On Tuesday, climate blogger Joseph Romm blasted a New York Times article about green jobs for ignoring “explosive” growth in that sector. It was valid criticism even though Romm, in turn, had some distortions of his own.

The Times’s piece argues that President Obama’s pledge to create 5 million green jobs over ten years, and California Governor Jerry Brown’s promise to create five-hundred thousand clean-technology jobs in the state by the end of the decade, look like “a pipe dream.” Produced by the San Francisco-based Bay Citizen, which provides coverage of the Bay Area to the Times, the article is pegged, in part, to a July report by the Brookings Institute and Battelle’s Technology Partnership Practice, which assessed green jobs nationally and regionally.

“[The study] found clean-technology jobs accounted for just 2 percent of employment nationwide and only slightly more — 2.2 percent — in Silicon Valley,” according to the article, which was published on August 19. “Rather than adding jobs, the study found, the sector actually lost 492 positions from 2003 to 2010 in the South Bay, where the unemployment rate in June was 10.5 percent.”

It’s a selective quotation from the report that supports the thesis presented in the article’s headline: “Number of Green Jobs Fails to Live Up to Promises”—although it’s likely the Times wrote the headline to suit the Bay Citizen’s reporting. The Brookings report repeatedly acknowledges than such jobs are, for now, a “modest slice” of the US total, it is actually quite sanguine about progress in the “clean economy” and prospects for future growth.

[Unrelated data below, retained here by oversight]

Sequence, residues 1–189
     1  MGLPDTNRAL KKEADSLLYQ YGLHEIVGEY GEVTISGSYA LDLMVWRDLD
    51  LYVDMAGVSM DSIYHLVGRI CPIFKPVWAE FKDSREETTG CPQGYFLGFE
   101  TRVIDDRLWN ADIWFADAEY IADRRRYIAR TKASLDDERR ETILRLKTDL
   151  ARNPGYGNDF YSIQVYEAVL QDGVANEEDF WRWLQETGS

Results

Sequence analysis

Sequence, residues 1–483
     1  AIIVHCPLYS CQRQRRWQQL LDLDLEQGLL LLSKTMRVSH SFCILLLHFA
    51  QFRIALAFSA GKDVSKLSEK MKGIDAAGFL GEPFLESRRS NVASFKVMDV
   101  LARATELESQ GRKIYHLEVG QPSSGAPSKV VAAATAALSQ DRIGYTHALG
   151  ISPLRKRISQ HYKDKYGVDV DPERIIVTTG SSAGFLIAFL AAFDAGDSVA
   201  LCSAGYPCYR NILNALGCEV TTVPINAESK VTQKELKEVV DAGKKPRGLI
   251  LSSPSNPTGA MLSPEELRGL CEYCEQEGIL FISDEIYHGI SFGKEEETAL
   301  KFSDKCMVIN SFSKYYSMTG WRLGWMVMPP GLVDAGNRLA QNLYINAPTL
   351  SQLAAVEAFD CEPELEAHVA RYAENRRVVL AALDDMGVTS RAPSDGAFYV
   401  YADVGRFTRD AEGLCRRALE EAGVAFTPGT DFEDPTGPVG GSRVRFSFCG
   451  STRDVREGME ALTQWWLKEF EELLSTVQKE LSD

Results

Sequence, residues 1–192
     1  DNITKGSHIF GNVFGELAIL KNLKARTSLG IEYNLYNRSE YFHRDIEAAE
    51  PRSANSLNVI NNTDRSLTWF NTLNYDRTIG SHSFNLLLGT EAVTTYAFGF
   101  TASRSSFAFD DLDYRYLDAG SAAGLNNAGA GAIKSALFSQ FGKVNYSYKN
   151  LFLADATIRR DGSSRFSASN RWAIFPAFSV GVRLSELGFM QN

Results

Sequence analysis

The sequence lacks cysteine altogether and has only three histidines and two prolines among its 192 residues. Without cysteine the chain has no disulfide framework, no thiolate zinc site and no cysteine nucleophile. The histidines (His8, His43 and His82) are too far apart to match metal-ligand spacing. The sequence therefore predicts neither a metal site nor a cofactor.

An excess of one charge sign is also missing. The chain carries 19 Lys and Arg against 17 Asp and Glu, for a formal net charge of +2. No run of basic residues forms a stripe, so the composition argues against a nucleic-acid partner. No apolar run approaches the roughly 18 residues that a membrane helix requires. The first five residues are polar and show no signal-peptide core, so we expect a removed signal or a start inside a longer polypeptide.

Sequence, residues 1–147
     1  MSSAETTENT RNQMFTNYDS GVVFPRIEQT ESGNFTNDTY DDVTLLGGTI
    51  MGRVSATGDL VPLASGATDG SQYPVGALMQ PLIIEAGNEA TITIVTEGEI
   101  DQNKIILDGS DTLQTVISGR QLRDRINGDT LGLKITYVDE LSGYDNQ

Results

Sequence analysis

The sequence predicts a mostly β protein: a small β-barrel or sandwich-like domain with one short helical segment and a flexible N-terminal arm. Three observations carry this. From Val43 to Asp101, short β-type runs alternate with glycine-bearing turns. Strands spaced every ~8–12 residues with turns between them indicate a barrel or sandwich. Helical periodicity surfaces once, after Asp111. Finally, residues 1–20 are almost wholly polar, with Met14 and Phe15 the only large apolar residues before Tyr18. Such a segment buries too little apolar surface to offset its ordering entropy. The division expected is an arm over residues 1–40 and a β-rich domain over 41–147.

“The clean economy increasingly looks like a promising location for the emergence of significant new technologies, processes, and industries that will shape the next economy and generate new jobs…” the report says, “Though modest in size, the clean economy employs more workers than the fossil fuel industry…”

Romm, who runs the blog Climate Progress for the liberal Center for American Progress, correctly charged that the article misled readers by ignoring many details of the report, as well as its overall message. Unfortunately, he too overplayed his hand. At one point, he quotes a contributor to his blog who had earlier reported that the Brookings report showed that, “From 2003 to 2010, the clean economy grew 8.3% — almost double what the overall economy grew during those years.”

In fact, between 2003 and 2010, the clean economy expanded at an annual rate of 3.4 percent, compared to the national economy’s 4.2 percent. It was only during the middle of the recession, from 2008 to 2009, that the clean economy grew faster, at a rate of 8.3 percent, than the rest of the economy. And that was “likely due, in part, to the American Recovery and Reinvestment Act, which channeled large sums of public spending towards clean energy projects,” the report noted.